CG: Were there any efforts to soften the formulations of the scientists or to push through own political interests?
DN: Yes, I think that goes in both ways. And it’s understandable, as it is the role of diplomats to make sure that the governments of their respective countries can agree to the text in the end. Overall, however, my perception is that the summary has become much stronger as a result of these two weeks of negotiations. Because it also became clear where the sticking points are and where we have to formulate things very precisely in order to ensure that what we want to say is actually heard. There are a few small points that were expressed in a bit more complicated way in the end than it would have been necessary, perhaps. What’s interesting, however, is that of course there are these efforts of individual countries but that it is not possible to impose any extreme positions, because other countries then try to prevent that accordingly. In the end, it’s an attempt to negotiate a diplomatic compromise that all countries can live with. That's why I don't see any danger of statements being watered down, because there are always individual countries holding against.
CG: The 26th UN Climate Summit is currently taking place in Glasgow. What role does the new IPCC report play for this conference and the decisions that will be made there?
DN: A very central role, I would hope. In the sense that this report, which all governments have agreed to, can be taken as a foundation for the diplomatic negotiations in Glasgow and the statements of the report no longer need to be questioned. For example, what needs to happen to meet the 1.5-degree target, the fact that humans are primarily responsible for climate change, and so on. The report basically provides the guard rails within which the political negotiations in Glasgow can now take place. And I would hope that through these guard rails that the IPCC report provides, the negotiations can simply be more focused.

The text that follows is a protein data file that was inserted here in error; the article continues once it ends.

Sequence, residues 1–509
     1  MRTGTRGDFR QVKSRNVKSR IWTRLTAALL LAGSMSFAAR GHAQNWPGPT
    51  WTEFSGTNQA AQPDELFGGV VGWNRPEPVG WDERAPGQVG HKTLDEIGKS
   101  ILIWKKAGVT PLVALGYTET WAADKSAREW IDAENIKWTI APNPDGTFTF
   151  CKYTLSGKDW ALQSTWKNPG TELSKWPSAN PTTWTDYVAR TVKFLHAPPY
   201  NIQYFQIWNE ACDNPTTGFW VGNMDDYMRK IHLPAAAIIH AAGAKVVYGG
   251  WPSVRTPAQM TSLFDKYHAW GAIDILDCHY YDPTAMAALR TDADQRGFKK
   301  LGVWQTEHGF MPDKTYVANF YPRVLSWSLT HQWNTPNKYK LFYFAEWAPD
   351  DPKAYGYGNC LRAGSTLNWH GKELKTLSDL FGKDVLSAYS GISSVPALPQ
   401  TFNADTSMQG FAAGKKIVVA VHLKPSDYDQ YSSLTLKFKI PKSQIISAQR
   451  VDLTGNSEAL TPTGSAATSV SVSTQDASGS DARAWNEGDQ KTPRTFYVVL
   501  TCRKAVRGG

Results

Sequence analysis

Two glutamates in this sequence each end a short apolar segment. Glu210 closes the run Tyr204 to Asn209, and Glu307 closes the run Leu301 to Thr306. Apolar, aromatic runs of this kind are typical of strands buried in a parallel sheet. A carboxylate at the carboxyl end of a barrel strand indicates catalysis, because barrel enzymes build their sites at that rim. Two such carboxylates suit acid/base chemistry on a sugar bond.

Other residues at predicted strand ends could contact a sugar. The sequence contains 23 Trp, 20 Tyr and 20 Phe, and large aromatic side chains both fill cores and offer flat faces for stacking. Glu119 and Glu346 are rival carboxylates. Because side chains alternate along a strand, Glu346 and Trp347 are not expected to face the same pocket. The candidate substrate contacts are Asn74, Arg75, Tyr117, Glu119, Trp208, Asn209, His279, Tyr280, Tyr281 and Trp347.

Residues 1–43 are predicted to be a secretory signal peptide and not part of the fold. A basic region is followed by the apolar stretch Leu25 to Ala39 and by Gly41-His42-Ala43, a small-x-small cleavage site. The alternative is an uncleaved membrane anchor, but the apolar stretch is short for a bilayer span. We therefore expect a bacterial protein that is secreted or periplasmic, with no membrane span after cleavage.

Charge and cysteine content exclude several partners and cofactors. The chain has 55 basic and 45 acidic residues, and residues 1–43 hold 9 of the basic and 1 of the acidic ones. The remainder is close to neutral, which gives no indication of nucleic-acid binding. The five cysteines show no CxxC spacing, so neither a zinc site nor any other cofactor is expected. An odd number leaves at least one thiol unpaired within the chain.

CG: To finish off, maybe a personal conclusion: What did you take away from the IPCC process?
DN: What I always find impressive and beautiful about the process is that it underlines once again how science manages to really shape itself constructively as an international network that transcends national borders. That in the entire IPCC scientific process, individual country interests do not play a role, but rather we could simply communicate with each other at eye level. And that we had this shared view that there is one science, one world, which we are trying to describe in the report. So for me, the IPCC report is actually a role model of how, in an ideal world, things would perhaps also work in political negotiations. That one steps back on one's own interests because one is aware of the common responsibility. That individual countries manage to realize that in the end it's about protecting the whole world from the worst effects of climate change. And that the interests of individual countries should actually play a much smaller role than they often do in practice. The IPCC process could actually be a wonderful model for how that can work.
CG: That's a nice concluding sentence. One very last question: would you do it again?
DN: Maybe with a little bit of temporal distance, I think. Right now, I'm glad that it's over for now. But who knows how things will look like in a few years.
Prof. Dr. Dirk Notz is professor of sea ice at the Institute of Oceanography.
He is a lead author of the chapter on ocean, cryosphere and sea level change in the latest IPCC assessment report.
Céline Gieße is a PhD student in the working groups climate modelling/sea ice with an interest in Arctic climate change.